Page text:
SAGUACHE — Twice on July 26, aquifer expert Ray Newmyer presented data and suggestions to the Saguache County Board of Commissioners and — later in the evening — the Moffat Town Board. According to estimates, Newmyer has drilled more than 4,000 wells over the years.
Using American Rescue Plan Act (ARPA) funds, the Saguache County Commissioners commissioned the Quantum Water and Environment engineering firm to identify boundaries of the “blue clay” layer associated with the confined aquifer in the middle of the San Luis Valley.
Reporting to Subdistrict 5 board members and county commissioners at the Road and Bridge Building in Saguache, Newmyer and his daughter, Cammie Newmyer, revealed variations in the thickness and reach of the blue clay. Their findings challenge the larger boundaries defined within the state model used for tracking flow in the overlapping confined and unconfined aquifers.
“The county hired Quantum to provide an overview of the water system,” said Theresa Jehn-Dellaport from Quantum Water and Environment. “As a number of you have noticed, wells turn on and the creek declines. It seems like there’s a lot more augmentation required for the Rio Grande than seems necessary. The clay map doesn’t seem to be exactly correct. We took a very serious look at more than 400 wells.”
As Newmyer explained, “We got the logs of every well in this study area. In my experience, I’ve seen differences in the blue clay.”
The primary goal of the study was to gather more data beneath the surface in the northern end of the Valley. While more than 20 years of drought is an obvious culprit in the declining aquifers, groundwater pumping has created confusion with augmentation and recharge. Surface water users report declining flows, particularly during irrigation season.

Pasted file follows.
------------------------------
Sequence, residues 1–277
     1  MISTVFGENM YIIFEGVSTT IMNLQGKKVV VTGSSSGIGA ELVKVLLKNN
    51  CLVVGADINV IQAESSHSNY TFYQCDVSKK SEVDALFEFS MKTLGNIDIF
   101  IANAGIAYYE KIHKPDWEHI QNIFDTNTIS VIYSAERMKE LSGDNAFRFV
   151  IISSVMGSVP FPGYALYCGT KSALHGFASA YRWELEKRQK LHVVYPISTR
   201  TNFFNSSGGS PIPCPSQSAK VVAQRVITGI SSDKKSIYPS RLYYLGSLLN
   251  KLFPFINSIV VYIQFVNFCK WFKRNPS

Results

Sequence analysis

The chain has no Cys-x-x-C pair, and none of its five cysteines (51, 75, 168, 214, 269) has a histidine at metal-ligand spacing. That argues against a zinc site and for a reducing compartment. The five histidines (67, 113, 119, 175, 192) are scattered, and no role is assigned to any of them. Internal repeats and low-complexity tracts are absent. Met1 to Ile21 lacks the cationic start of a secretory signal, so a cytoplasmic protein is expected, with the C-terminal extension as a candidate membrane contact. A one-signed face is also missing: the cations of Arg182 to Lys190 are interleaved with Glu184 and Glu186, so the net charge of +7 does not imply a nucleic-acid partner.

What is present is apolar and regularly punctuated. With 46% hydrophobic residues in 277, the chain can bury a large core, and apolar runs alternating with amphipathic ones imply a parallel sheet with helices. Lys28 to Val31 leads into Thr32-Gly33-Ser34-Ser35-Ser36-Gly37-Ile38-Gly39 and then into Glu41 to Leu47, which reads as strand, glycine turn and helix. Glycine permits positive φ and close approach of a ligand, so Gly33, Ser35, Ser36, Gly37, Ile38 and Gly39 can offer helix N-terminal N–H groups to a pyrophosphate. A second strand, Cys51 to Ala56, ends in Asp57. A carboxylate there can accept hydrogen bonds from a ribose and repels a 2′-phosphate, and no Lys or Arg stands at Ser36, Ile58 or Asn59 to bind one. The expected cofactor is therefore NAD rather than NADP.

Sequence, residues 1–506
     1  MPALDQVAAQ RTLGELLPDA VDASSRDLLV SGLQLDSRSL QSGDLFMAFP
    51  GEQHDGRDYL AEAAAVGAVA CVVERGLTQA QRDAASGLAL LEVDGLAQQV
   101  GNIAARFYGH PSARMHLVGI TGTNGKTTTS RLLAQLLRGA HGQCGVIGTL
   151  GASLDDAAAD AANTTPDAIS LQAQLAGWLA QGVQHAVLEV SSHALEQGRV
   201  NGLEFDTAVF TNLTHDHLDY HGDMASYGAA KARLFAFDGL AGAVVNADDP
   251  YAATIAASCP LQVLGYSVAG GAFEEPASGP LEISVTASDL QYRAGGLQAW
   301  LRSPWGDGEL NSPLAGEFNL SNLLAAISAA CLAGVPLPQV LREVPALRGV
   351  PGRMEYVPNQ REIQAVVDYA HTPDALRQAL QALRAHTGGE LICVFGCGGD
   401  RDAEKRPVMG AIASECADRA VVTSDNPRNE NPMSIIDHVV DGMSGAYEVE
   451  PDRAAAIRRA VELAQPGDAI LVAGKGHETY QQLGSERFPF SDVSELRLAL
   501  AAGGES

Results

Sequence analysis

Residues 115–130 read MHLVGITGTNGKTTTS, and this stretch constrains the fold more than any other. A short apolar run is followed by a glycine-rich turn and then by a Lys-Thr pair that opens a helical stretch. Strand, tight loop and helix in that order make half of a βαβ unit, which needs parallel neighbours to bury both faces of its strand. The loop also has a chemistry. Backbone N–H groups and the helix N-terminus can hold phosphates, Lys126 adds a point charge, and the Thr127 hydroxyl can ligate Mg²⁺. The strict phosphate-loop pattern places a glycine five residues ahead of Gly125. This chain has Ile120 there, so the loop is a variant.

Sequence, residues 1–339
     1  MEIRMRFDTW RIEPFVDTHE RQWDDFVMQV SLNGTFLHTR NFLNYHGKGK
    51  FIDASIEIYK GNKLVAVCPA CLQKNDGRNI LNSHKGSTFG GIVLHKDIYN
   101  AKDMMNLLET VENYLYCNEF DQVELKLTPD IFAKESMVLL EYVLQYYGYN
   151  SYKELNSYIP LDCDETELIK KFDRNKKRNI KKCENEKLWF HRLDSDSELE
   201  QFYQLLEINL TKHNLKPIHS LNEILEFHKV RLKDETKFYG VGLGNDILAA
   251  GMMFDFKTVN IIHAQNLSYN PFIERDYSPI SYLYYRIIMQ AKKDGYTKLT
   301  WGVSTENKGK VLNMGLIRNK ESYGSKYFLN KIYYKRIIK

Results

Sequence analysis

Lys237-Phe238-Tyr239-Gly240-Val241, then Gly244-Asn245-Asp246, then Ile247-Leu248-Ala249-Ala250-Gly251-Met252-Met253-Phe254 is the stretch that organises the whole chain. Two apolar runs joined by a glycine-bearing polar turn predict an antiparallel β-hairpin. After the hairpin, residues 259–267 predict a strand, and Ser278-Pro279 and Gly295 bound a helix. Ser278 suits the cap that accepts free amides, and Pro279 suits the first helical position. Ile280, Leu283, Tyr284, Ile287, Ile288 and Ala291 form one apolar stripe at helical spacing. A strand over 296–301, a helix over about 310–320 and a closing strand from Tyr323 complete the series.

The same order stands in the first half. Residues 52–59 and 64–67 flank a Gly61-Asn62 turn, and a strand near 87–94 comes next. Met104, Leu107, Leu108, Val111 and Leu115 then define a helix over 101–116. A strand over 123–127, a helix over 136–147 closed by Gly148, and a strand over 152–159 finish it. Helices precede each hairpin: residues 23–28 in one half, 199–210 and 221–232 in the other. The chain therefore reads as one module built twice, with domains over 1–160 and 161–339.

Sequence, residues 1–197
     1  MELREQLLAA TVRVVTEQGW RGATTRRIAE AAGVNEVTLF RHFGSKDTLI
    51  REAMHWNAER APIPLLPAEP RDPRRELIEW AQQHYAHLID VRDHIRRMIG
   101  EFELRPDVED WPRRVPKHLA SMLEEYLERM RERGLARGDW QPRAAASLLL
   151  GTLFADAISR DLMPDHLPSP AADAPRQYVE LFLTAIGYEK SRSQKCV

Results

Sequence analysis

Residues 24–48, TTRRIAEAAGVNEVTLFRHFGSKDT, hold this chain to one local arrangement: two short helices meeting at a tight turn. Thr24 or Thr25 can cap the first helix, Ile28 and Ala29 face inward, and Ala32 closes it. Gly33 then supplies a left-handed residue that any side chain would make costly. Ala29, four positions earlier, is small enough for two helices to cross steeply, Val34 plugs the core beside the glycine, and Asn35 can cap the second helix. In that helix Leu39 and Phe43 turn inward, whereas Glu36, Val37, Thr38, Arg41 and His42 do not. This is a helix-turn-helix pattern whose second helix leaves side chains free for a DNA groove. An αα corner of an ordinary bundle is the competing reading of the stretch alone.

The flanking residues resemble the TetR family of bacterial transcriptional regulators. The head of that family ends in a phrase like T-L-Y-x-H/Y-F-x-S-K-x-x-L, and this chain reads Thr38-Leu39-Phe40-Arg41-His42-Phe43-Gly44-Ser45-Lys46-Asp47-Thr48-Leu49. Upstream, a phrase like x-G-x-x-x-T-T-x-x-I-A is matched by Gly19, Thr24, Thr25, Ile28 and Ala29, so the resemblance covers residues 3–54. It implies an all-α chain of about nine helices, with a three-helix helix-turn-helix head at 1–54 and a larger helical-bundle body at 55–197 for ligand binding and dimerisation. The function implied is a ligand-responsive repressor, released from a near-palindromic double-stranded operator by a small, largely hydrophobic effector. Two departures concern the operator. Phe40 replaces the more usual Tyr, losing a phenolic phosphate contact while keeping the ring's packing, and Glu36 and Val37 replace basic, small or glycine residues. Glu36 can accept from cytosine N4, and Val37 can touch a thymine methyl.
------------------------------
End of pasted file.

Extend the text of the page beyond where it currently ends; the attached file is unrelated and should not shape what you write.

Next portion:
With a master’s in Mathematics, Cammie Newmyer built the database based on Ray’s review of 400-plus wells. She also examined more than 1,000 well permits. The data shows variations in the blue clay thickness not considered in the state’s model, and the range of the confined aquifer is significantly smaller than the state’s calculation.
Later in the evening at the Moffat Town Board meeting, Newmyer appeared in person to brief the mayor and trustees. Working in consultation with the Colorado Division of Water Resources and Subdistrict 4, Newmyer hopes to reach a compromise for the town’s wells.
The cost estimates for installing meters is high and increasing, Newmyer said, so he hopes to agree upon a flat rate per year instead of metering at this stage. It’s difficult to monitor flowing artesian wells. The cost of drilling new wells, according to Newmyer, is also rising. Drilling roughly 430 feet runs as much as $35,000 today.